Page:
A biosimilar medicinal product is a product which is similar to a biological medicinal product (so-called "reference medicinal product" which has already been granted a marketing authorisation) with regard to APIs, efficacy and therapeutic indication. (A "biological medicinal product" is manufactured with an API made by or derived from a living organism like a bacterium or yeast). Many extensive studies must be performed to prove the comparability between biosimilar and biological reference medicinal products to compare the quality and consistency of both the API and the finished product as well as of the whole manufacturing process.
On 31 May 2012, the EMA published the draft of a guideline entitled "Guideline on similar biological medicinal products containing biotechnology-derived proteins as active substance: quality issues (revision 1)" for comment. This draft guideline is basically an update of the biosimilar guideline from 1st June 2006 which is currently still in force. Each single chapter has been revised in-depth and rigorously and contains many more detailed requirements - compared to the existing guideline. The chapter about comparative studies - referred to as "comparability exercise" in the guideline - describes in details how to perform such investigations which must be submitted for the marketing authorisation of a biosimilar medicinal product. The further chapters provide details about the analytical procedure, physicochemical properties, biological activity, purity and impurities. An additional chapter about immunochemical properties in comparative studies has been added. We have listed here some examples of requirements on the comparative analysis of physicochemical properties:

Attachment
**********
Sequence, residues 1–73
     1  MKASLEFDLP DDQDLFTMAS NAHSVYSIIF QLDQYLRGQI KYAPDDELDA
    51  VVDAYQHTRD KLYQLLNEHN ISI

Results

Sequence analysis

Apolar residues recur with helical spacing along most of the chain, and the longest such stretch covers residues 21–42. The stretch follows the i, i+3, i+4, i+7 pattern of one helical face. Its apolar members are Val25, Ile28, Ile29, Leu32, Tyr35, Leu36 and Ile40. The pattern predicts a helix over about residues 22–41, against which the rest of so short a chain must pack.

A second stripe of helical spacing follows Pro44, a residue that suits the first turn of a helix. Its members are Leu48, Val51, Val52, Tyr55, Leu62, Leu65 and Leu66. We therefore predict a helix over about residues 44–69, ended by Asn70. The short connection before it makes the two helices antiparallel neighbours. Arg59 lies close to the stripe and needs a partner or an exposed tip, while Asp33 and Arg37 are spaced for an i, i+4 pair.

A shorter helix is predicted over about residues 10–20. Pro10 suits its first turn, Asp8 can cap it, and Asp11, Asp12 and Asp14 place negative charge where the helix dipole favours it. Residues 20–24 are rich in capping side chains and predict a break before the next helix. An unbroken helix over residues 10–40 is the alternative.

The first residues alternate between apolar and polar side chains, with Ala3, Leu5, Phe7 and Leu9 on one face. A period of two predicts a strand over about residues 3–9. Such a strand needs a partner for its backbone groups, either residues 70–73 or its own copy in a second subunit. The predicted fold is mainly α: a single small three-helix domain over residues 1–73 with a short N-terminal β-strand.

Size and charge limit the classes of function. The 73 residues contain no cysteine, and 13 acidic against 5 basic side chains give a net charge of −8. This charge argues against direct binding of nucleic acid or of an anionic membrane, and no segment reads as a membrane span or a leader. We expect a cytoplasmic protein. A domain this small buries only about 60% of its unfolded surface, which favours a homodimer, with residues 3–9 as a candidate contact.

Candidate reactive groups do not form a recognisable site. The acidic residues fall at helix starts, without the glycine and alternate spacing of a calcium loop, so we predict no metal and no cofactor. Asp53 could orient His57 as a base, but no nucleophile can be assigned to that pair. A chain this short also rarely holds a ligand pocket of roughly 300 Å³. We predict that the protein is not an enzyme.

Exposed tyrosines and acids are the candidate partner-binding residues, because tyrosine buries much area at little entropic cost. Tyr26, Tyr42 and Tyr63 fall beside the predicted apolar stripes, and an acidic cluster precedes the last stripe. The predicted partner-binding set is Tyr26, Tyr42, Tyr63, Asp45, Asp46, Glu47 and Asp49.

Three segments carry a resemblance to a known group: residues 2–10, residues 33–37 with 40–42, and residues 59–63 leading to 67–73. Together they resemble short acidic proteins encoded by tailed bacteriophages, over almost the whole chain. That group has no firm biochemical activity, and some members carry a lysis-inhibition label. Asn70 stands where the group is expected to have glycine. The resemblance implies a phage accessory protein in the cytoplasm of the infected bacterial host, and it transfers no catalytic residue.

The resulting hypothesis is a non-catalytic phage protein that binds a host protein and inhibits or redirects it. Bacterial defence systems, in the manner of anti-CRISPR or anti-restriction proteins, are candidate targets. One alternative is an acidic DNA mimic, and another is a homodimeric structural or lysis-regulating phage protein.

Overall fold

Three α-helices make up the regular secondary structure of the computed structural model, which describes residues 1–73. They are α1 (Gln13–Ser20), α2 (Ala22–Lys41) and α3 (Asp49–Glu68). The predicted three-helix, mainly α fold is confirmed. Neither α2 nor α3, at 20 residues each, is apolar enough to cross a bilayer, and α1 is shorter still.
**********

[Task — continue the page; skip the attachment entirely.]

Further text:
- Proof of the primary (and/ or higher order structures) structure of the API
- Evidence of the amino acid sequences and their identity with the sequence of the reference API
- Identification of the N- and C-terminal amino acid sequences as well as free SH groups and disulfide bridges
- Quantification of modifications or truncations of the protein chain
- Determination of the glycosylation pattern
Unusual glycosylation structures which differ from the reference pattern must be described and require appropriate justification.
These requirements and the instructions made in the further paragraphs are definitely much more extensive and precisely show how complex the performance of comparative studies will be when the guideline will come into effect.
Please see the draft of the "Guideline on similar biological medicinal products 5 containing biotechnology-derived proteins as active 6 substance: quality issues (revision 1)" for further information.
On the EMA website, you can also find a document "Questions and Answers on biosimilar medicines", providing basic information on biosimilar medicinal products.
The EMA has also developed an interesting brochure "Biosimilar medicinal products" about the different types of biosimilars and their respective responsible working groups.
Dr Gerhard Becker
CONCEPT HEIDELBERG (a service provider entrusted by the ECA Foundation)